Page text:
Kyle Field Press Box

The SEC plans to kick off football season Sept. 26 and full season schedules will be released at 6 p.m. Monday, Aug. 17.

The SEC wants to play football this fall. That much is known.

How they’ll do it is another question entirely.

While the SEC remains steadfast in its decision to go ahead with the season, plans will likely change if the ACC and Big 12 join the Big 10 and Pac-12 in postponing their fall sports until the spring.

The two conferences made the announcement on Aug. 11, with the Pac-12 also delaying the start of winter sports until the new year, though rumors had been swirling through much of the previous weekend.

SEC Commissioner Greg Sankey joined the Dan Patrick Show just hours before the news broke last week and addressed the possibility of the conference continuing on with its season.

Sankey said the SEC has had precautions in place so they wouldn’t have to rush into any decisions regarding the future of fall sports, including delaying the start of the season, easing into full practices for football and implementing extensive testing protocol.

“I felt good on Friday, and then a little tumult over the weekend [when the news broke],” Sankey said. “We’re going to keep working day-to-day to see if we can provide opportunities for student-athletes to compete.”

Texas A&M Director of Athletics Ross Bjork said in an Aug. 12 appearance on Studio 12, the announcement didn’t come as a surprise to him. He said A&M and the SEC will take their time to make a similar decision since new information is almost constantly becoming available.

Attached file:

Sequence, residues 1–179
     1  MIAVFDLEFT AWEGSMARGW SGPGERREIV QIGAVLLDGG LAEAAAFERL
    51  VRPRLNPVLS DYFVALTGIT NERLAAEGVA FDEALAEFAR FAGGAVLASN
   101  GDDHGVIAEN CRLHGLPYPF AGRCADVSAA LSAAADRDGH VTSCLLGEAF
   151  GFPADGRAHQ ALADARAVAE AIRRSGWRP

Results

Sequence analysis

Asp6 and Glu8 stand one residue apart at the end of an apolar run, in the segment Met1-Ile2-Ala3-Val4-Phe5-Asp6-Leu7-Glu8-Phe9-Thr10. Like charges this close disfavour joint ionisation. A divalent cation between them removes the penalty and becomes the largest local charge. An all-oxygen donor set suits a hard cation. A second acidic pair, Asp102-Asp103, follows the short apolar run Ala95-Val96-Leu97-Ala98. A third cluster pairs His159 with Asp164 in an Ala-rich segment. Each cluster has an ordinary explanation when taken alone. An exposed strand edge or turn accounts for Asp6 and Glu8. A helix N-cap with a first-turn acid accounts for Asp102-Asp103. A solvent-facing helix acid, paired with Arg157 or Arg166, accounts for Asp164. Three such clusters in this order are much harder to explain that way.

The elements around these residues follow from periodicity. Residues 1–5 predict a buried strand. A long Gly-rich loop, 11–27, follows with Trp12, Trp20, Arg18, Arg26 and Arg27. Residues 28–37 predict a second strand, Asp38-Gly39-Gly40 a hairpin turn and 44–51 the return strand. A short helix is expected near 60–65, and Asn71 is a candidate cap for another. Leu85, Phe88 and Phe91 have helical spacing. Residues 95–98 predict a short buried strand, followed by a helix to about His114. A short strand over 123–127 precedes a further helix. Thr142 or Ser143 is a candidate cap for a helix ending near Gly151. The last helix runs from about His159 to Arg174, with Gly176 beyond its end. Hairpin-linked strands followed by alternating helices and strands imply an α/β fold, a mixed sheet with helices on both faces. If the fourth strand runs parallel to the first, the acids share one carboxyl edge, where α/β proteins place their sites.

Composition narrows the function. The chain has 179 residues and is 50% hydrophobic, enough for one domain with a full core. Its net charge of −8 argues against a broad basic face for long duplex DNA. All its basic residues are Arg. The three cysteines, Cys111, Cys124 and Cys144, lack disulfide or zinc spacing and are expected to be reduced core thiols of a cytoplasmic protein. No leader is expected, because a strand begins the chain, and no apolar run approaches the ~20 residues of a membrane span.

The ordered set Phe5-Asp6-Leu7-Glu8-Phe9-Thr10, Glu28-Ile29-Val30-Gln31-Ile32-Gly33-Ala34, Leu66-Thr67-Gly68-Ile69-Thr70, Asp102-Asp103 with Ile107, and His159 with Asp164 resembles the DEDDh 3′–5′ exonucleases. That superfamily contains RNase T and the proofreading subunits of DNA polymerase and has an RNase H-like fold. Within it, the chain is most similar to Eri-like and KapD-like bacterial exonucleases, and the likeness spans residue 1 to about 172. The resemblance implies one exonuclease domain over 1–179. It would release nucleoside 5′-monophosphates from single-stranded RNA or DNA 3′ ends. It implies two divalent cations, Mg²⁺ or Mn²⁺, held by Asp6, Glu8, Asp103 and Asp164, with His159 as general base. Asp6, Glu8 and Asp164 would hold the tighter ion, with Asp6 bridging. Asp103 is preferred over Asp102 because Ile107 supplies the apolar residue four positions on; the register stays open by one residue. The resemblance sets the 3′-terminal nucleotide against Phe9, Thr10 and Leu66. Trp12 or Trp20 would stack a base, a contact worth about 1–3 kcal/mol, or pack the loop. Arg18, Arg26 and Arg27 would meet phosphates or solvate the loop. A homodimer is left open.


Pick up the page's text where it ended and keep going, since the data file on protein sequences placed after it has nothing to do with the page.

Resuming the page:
“Nothing really surprised us with those outcomes,” Bjork said. “But we know that things are fluid, things are changing. The quote that I’ve used is we’re not day-by-day, we’re 15-by-15 — we’re 15 minutes at a time because things are changing rapidly.”

Bjork said while the Big 10 and Pac-12’s decisions were based on the discovery of a heart issue called myocarditis in some of the athletes who had tested positive for the virus, A&M has been aware of the condition “since eternity.”

“We test for that,” Bjork told Studio 12. “We do initial screening when our athletes come on our campus. We did initial screening when they returned to activity for any cardiac issues. If anyone tested positive, they had to pass those cardiac tests before they could return after a positive test. That’s not necessarily a new piece of data either. We’ve known about that; we have the protocols to make it as safe as possible. To me, that’s the track that we have to stay on.”

Since the Big 10 and Pac-12 announcements, SEC fans have taken to social media to urge the conference to continue with their season, even if they are the only league to do so.

Sankey said while it would be possible for the SEC to be the only conference participating in competition this fall, he is unsure if it is the right decision.

“I don’t think that’s the right direction, really,” Sankey said. “Could we? Certainly. There’s a difference between can you do something and should you do something in life.”

Bjork said the SEC must rely on its own medical task force and their recommendations, rather than allowing the decisions of other conferences to sway them.